THAT’S ENTERTAINMENT! A catechist was teaching a group of young kids on the importance of keeping quiet at Mass. The next day, the local bishop made a surprise visit and sat in her class. The teacher called out her smartest student and asked, “Why is it important to keep quiet when the bishop is celebrating Mass?” The student replied, “Because people are sleeping.”

In today’s Gospel, we read about how King Herod had John the Baptist arrested, imprisoned, chained and later beheaded. And yet, the king secretly enjoyed listening to the prophet. The Gospel says, “When he heard him speak, he was very much disturbed; yet he felt the attraction of his words.” There lies the paradox — and the problem. Herod was attracted but did not want the disturbance that the Baptist’s words bring.

I remember a comment posted by a friend on the Facebook wall of a priest-friend who is a very talented and gifted speaker. It went: “I so love Father! When he celebrates the Mass, it’s like being in a comedy bar!” If entertainment is the only thing we are looking for when we go to Mass, it may not really be God’s Word we are looking forward to hearing.

In a question-and-answer portion of a vigil with the youth, Pope Francis was asked, “Why is it that oftentimes I find the Mass too boring?” Pope Francis replied, “Because we focus too much on ourselves.”

To the prophets reading this, remember: It is not about you but about God’s Word. It is not your word, your opinion or your world view that will save, but Christ’s. You are not there to entertain but to proclaim. Do not water down the message of the Gospel. Do not empty Christ’s words of the power to disturb and change hearts.

To the listeners reading this, remember: The Mass is not about you but about receptivity to God’s Word. Do not shy away from being disturbed by God, for that disturbance is the only prelude to genuine and lasting peace.Fr. Joel Jason

REFLECTION QUESTION: What do you look forward to whenever you go to Mass —entertainment or holy disturbance?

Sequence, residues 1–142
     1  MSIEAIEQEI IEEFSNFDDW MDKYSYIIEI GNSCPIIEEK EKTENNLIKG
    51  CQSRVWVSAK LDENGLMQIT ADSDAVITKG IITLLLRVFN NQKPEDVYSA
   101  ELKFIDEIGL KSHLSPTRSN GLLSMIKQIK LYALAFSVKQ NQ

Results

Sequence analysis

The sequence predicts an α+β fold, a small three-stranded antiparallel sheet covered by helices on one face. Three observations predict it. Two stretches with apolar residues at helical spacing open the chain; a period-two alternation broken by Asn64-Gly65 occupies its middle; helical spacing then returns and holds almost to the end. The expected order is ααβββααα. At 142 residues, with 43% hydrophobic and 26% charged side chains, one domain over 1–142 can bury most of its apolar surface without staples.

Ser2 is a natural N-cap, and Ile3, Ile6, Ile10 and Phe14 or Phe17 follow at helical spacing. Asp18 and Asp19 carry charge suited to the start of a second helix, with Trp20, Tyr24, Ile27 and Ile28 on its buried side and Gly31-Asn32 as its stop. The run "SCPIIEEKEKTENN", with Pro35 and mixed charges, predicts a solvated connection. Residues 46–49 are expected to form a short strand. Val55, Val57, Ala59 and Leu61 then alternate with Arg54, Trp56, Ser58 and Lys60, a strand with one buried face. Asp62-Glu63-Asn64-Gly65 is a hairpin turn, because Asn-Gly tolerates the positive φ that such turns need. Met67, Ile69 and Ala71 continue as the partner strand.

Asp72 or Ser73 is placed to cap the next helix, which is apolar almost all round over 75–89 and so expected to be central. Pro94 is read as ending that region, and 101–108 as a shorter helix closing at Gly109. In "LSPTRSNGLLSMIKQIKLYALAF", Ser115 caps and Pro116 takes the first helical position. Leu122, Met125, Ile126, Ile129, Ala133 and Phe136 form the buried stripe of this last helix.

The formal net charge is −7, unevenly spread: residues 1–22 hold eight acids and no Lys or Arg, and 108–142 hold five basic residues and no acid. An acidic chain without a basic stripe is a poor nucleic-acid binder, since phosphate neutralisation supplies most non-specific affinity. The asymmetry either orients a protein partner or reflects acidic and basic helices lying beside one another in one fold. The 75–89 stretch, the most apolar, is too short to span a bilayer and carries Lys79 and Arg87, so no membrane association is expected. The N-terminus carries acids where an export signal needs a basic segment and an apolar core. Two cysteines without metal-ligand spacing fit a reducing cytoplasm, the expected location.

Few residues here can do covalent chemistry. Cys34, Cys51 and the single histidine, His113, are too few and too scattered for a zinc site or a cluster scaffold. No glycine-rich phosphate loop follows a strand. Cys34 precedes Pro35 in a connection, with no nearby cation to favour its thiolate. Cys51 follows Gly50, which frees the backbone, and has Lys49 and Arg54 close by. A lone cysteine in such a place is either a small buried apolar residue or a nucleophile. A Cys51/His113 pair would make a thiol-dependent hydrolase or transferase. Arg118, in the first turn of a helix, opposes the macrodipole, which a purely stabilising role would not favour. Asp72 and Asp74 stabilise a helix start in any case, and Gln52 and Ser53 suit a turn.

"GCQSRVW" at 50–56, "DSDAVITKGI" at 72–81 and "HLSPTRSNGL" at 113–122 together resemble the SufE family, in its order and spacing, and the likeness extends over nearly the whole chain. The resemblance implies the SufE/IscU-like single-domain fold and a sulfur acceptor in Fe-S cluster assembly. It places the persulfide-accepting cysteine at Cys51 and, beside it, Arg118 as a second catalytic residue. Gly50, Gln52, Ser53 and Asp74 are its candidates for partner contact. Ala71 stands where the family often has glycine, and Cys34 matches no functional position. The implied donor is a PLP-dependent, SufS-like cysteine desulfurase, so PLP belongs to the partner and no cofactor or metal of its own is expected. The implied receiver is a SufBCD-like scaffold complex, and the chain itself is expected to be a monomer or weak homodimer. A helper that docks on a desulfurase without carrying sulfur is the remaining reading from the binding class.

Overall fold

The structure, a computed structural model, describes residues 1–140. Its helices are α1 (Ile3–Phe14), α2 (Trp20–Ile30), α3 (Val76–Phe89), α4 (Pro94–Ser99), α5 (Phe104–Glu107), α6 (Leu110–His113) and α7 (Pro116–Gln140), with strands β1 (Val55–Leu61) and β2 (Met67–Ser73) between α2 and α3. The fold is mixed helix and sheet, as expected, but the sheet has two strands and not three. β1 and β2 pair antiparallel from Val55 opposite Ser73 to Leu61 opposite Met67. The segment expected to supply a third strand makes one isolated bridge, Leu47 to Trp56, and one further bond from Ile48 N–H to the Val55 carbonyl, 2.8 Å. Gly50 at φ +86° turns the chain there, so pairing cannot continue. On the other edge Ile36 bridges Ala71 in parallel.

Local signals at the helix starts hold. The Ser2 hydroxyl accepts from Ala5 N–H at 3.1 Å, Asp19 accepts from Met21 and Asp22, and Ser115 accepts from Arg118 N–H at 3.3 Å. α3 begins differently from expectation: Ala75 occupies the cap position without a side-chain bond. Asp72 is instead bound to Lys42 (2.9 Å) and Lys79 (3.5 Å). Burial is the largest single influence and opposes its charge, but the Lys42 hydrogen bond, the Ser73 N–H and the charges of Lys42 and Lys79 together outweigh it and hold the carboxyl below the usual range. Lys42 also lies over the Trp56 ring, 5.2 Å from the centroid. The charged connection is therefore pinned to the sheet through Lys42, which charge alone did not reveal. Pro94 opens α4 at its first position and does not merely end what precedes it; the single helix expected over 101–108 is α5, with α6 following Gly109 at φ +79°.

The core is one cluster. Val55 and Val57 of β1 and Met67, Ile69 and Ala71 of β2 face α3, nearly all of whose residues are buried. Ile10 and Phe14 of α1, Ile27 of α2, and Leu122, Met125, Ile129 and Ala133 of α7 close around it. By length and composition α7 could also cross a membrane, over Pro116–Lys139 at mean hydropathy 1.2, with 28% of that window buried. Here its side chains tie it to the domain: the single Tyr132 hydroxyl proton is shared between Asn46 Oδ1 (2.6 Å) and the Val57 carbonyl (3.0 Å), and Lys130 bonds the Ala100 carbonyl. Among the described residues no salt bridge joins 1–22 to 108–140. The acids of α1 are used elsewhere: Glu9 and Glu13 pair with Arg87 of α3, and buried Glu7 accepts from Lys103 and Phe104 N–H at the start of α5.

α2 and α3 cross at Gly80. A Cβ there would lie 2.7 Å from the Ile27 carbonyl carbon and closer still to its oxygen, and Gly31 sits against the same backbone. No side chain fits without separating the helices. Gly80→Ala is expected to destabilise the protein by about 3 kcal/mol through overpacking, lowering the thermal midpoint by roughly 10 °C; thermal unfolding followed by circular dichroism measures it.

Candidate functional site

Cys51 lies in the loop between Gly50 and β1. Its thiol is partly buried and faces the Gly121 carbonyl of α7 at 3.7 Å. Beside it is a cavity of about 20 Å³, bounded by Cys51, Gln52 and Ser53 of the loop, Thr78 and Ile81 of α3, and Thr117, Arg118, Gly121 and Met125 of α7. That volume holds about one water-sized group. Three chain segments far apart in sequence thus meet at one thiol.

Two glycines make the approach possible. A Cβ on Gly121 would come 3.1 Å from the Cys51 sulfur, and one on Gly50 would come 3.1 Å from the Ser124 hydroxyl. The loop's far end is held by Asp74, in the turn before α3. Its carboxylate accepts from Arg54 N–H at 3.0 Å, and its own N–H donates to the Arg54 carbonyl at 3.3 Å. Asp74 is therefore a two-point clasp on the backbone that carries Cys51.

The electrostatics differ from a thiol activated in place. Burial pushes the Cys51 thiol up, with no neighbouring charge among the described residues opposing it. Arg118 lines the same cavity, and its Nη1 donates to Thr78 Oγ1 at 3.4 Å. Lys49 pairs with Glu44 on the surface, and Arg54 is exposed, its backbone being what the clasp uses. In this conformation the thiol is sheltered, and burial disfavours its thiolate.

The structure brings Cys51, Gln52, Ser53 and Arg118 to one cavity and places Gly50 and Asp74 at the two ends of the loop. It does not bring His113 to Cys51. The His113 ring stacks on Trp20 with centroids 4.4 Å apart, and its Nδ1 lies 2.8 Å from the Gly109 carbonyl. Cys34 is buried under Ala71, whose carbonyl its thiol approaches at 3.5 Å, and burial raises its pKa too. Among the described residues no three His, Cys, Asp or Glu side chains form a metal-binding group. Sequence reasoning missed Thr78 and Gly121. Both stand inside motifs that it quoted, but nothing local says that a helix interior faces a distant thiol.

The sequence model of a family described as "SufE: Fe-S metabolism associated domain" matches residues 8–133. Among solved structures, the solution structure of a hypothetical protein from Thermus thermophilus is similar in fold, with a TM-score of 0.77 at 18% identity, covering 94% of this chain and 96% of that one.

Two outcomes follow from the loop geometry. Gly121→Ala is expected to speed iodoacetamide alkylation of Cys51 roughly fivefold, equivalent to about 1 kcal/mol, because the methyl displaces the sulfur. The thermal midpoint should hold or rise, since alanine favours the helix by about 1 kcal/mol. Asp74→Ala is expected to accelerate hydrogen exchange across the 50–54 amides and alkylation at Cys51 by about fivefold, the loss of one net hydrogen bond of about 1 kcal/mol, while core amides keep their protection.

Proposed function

When I am disturbed, comfort me, O Lord. When I am too comfortable, disturb me. Amen.



GRACE TO FORGIVE – So Herodias harbored a grudge against John… – Mark 6:19

“Mama, you should have another baby,” Danica kidded her mom before she left for school. That morning, her parents received a dreadful phone call.

Danica died in a road accident caused by a reckless jeepney driver. When my friend rushed to the hospital, she saw her husband  quietly crying in a corner of the emergency room. He looked at her and said, “As early as now,let us find the grace to forgive.” My friend broke down.

During the wake, she told me that they decided not to press charges and instead forgive the driver. “Because we have been forgiven by Christ, we chose to forgive him, too,” she said.

Unlike Herod and Herodias whose resentment led them to kill John, my friend’s gesture of forgiveness has inspired many to get closer to God.

Just recently, I bumped into this couple at the mall. I was ecstatic to see the husband carrying a little girl in his arms. With tears in her eyes, my friend told me that God has blessed them with another child.

Just like what Danica had wished for them the day she died. Marisa Aguas (

Pope Francis Says: “Faith likewise offers the possibility of forgiveness, which so often demands time and effort, patience and commitment.”

Heavenly Father, help me to forgive. Not by my own efforts but only by Your grace can I do this.


Today’s Readings:  Year I,   Year II

Back to: Friday of the 4th Week of the Year